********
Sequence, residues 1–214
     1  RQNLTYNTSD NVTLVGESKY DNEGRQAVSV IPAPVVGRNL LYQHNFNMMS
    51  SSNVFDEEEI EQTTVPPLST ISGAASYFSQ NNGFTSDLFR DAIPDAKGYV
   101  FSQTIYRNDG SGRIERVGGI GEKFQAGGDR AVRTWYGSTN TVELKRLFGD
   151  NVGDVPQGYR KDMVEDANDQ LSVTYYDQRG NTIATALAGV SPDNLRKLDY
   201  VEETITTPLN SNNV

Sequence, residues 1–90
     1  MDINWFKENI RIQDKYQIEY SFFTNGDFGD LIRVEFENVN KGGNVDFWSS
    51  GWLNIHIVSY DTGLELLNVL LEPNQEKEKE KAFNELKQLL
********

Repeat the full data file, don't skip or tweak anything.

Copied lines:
Sequence, residues 1–214
     1  RQNLTYNTSD NVTLVGESKY DNEGRQAVSV IPAPVVGRNL LYQHNFNMMS
    51  SSNVFDEEEI EQTTVPPLST ISGAASYFSQ NNGFTSDLFR DAIPDAKGYV
   101  FSQTIYRNDG SGRIERVGGI GEKFQAGGDR AVRTWYGSTN TVELKRLFGD
   151  NVGDVPQGYR KDMVEDANDQ LSVTYYDQRG NTIATALAGV SPDNLRKLDY
   201  VEETITTPLN SNNV

Sequence, residues 1–90
     1  MDINWFKENI RIQDKYQIEY SFFTNGDFGD LIRVEFENVN KGGNVDFWSS
    51  GWLNIHIVSY DTGLELLNVL LEPNQEKEKE KAFNELKQLL